Jia Y, Guan M, Zheng Z, Zhang Q, Tang C, Xu W, Xiao Z, Wang L, Xue Y. miRNAs in Urine Extracellular Vesicles as Predictors of Early-Stage Diabetic Nephropathy. J Diabetes Res. 2016;2016:7932765.
Thornhill BA, Forbes MS, Marcinko ES, Chevalier RL. Glomerulotubular disconnection in neonatal mice after relief of partial ureteral obstruction. Kidney Int. 2007;72(9):1103–12.
Klein J, Gonzalez J, Duchene J, Esposito L, Pradere JP, Neau E, Delage C, Calise D, Ahluwalia A, Carayon P, et al. Delayed blockade of the kinin B1 receptor reduces renal inflammation and fibrosis in obstructive nephropathy. FASEB J. 2009;23(1):134–42.
Bachvarov D, Bachvarova M, Koumangaye R, Klein J, Pesquero JB, Neau E, Bader M, Schanstra JP, Bascands JL. Renal gene expression profiling using kinin B1 and B2 receptor knockout mice reveals comparable modulation of functionally related genes. Biol Chem. 2006;387(1):15–22.
Faddaoui A, Bachvarova M, Plante M, Gregoire J, Renaud MC, Sebastianelli A, Gobeil S, Morin C, Macdonald E, Vanderhyden B, et al. The mannose receptor LY75 (DEC205/CD205) modulates cellular phenotype and metastatic potential of ovarian cancer cells. Oncotarget. 2016;7:14125.
Chatziioannou A, Moulos P, Kolisis FN. Gene ARMADA: an integrated multi-analysis platform for microarray data implemented in MATLAB. BMC Bioinformatics. 2009;10:354.
This work was supported in part by the “Clinical and system–omics for the identification of the Molecular Determinants of established Chronic Kidney Disease” (iMODE-CKD, PEOPLE-ITN-GA-2013–608332) project for TP, by the French “Programme Hospitalier de Recherche Clinique” (PHRC) number N° 06 223 01–N° RCB 2007-A00854-49 for SD and the « Fondation du Rein sous égide de la Fondation pour la Recherche Médicale et ses partenaires », grant number GENZYME 2014 FDR-SdN/FRM for JK.
Availability of data and materials
The datasets during and/or analysed during the current study available from the corresponding author on reasonable request.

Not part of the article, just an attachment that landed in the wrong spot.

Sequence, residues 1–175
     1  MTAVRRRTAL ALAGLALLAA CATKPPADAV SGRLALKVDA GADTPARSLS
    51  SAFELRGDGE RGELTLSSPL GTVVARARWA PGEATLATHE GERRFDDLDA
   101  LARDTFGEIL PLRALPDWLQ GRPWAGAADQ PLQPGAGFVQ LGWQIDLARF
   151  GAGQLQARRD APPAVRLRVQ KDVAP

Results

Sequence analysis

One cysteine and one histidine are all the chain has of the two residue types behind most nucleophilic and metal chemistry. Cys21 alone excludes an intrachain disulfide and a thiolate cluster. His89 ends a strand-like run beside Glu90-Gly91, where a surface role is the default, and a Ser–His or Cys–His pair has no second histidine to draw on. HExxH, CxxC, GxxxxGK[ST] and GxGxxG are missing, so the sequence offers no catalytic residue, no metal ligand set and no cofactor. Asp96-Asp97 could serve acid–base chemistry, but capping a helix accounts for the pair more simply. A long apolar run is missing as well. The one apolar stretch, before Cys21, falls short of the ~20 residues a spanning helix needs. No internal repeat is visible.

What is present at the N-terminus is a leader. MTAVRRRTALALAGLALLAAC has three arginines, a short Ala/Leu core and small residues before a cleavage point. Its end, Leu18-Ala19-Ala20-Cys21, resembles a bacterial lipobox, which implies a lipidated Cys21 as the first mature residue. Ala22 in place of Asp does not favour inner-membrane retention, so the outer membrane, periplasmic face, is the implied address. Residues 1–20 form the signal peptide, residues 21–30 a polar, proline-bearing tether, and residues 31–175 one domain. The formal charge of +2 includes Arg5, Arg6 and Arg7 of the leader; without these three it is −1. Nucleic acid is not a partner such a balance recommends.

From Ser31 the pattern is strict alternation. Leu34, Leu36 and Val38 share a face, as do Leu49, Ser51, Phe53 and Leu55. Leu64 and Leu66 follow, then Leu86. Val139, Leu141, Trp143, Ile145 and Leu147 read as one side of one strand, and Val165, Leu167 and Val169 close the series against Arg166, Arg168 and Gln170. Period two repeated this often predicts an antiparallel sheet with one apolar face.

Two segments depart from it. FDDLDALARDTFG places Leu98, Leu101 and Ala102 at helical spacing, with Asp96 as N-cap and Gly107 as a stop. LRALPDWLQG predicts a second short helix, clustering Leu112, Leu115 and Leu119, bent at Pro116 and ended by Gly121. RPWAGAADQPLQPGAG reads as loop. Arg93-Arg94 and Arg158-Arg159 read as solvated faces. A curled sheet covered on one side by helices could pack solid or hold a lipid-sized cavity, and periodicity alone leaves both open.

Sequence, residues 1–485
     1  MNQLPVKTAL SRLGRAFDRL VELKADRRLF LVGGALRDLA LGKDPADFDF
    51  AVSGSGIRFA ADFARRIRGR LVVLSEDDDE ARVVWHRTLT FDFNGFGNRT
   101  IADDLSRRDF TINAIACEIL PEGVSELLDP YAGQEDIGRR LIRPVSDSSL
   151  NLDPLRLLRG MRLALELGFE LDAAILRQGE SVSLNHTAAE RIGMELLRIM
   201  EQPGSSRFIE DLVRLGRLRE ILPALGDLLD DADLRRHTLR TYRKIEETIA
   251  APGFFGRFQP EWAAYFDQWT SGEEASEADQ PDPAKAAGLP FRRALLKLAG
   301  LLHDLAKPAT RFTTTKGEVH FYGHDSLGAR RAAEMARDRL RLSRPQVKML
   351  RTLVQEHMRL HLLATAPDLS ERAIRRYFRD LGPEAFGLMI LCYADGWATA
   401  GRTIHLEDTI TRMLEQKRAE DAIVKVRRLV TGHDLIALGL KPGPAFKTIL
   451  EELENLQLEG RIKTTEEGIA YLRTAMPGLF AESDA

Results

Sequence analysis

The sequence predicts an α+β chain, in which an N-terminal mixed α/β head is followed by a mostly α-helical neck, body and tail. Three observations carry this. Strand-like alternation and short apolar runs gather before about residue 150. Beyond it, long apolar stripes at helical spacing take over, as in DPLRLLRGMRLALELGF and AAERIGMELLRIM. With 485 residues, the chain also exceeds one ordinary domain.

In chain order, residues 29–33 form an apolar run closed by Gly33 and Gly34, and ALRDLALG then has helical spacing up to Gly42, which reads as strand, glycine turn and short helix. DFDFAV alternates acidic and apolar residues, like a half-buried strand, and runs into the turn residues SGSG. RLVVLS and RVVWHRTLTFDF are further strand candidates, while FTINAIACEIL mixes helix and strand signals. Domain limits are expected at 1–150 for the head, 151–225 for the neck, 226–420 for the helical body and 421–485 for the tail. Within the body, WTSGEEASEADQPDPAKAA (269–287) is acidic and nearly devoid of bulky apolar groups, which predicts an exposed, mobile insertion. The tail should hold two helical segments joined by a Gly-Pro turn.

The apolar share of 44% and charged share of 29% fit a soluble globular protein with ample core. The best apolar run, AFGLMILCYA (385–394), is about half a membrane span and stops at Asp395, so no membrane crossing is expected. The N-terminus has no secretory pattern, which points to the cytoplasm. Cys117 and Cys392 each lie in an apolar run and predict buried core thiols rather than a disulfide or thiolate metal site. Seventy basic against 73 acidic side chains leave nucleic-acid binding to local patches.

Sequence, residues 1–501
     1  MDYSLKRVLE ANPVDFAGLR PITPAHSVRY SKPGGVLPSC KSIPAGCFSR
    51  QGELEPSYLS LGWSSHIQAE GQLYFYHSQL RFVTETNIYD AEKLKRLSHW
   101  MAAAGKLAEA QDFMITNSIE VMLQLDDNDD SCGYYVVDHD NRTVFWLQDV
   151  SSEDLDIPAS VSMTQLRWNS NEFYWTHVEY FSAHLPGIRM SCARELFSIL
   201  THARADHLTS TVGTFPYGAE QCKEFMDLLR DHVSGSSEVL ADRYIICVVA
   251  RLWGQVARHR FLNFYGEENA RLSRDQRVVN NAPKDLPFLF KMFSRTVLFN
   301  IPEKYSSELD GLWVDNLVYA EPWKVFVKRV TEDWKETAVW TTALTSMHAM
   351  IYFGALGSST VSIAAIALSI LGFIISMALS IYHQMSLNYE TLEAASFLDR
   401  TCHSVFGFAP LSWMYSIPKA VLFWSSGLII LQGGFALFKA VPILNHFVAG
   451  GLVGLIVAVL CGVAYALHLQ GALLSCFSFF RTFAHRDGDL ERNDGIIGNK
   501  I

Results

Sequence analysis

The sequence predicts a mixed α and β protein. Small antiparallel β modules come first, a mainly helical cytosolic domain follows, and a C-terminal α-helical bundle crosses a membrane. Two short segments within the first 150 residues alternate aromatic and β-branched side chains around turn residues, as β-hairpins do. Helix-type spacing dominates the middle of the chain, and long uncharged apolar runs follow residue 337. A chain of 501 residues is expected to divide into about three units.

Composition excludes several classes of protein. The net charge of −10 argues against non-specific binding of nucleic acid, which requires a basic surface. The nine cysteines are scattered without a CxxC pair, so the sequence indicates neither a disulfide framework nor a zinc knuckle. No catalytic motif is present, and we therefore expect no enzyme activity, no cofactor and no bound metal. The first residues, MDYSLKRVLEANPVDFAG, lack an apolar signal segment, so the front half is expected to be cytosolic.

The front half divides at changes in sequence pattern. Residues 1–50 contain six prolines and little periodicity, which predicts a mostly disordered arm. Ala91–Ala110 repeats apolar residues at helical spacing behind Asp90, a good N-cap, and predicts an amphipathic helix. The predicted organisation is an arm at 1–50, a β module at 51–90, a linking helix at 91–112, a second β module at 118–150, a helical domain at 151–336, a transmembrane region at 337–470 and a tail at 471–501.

TP, JK and JPS conceived the study, analyzed the data and wrote the manuscript; AC, CC and JB performed in-vitro experiments; MB, DB, JLB and BBM performed microarray experiments; DC, BAT and RLC performed animal experiments; PM and EN performed statistical analysis; SD, FCA and BB collected clinical data and banked human material. All authors reviewed the manuscript. All authors read and approved the final manuscript.
The authors declare that they have no competing interests.
Consent for publication
Ethics approval and consent to participate
The studies were performed in accordance with the ethical principles in the Declaration of Helsinki and Good Clinical Practice and was approved by the CPP SOOM II (number DC-2008-452). Written informed consent was obtained from the parents of all child participants.
All mouse experiments were conducted in accordance with the NIH guide for the care and use of laboratory animals and were approved by the University of Virginia Animal Care and Use Committee (for the neonatal partial obstruction model) and the animal care and use committee UMS US006/INSERM, Toulouse, France (protocol number CEEA-122 2014-06/02605.01) for the complete adult obstruction model.
Differentially expressed miRNAs in human UPJ. (XLSX 15 kb)
Differentially expressed miRNAs in mouse partial UUO. (XLSX 11 kb)
Differentially expressed mRNAs in mouse partial UUO. (XLSX 44 kb)
Common dysregulated miRNAs between human UPJ (urine) and mouse partial UUO (kidney tissue). (XLSX 9 kb)
miRNAs and their respective mRNA targets. (XLSX 12 kb)
Molecular network predicted by IPA including let-7a-5p, miR-125b-5p and miR-16-5p and possibly related to hematological and immunological disease. Red = up regulated green = down regulated; all colored genes were identified in the partial UUO mouse mRNA dataset. (JPG 355 kb)
Molecular network predicted by IPA including miR-26a-5p and miR-29b-3p and possibly related to organismal Injury and abnormalities. Red = up regulated green = down regulated; all colored genes were identified in the partial UUO mouse mRNA dataset. (JPG 318 kb)
Molecular network predicted by IPA including miR-29b-3p and possibly related to cell death and survival and connective tissue development and function. Red = up regulated green = down regulated; all colored genes were identified in the partial UUO mouse mRNA dataset. (JPG 406 kb)
Sequences of primers used. (DOCX 11 kb)
About this article
Cite this article
Papadopoulos, T., Casemayou, A., Neau, E. et al. Systems biology combining human- and animal-data miRNA and mRNA data identifies new targets in ureteropelvic junction obstruction. BMC Syst Biol 11, 31 (2017). https://doi.org/10.1186/s12918-017-0411-7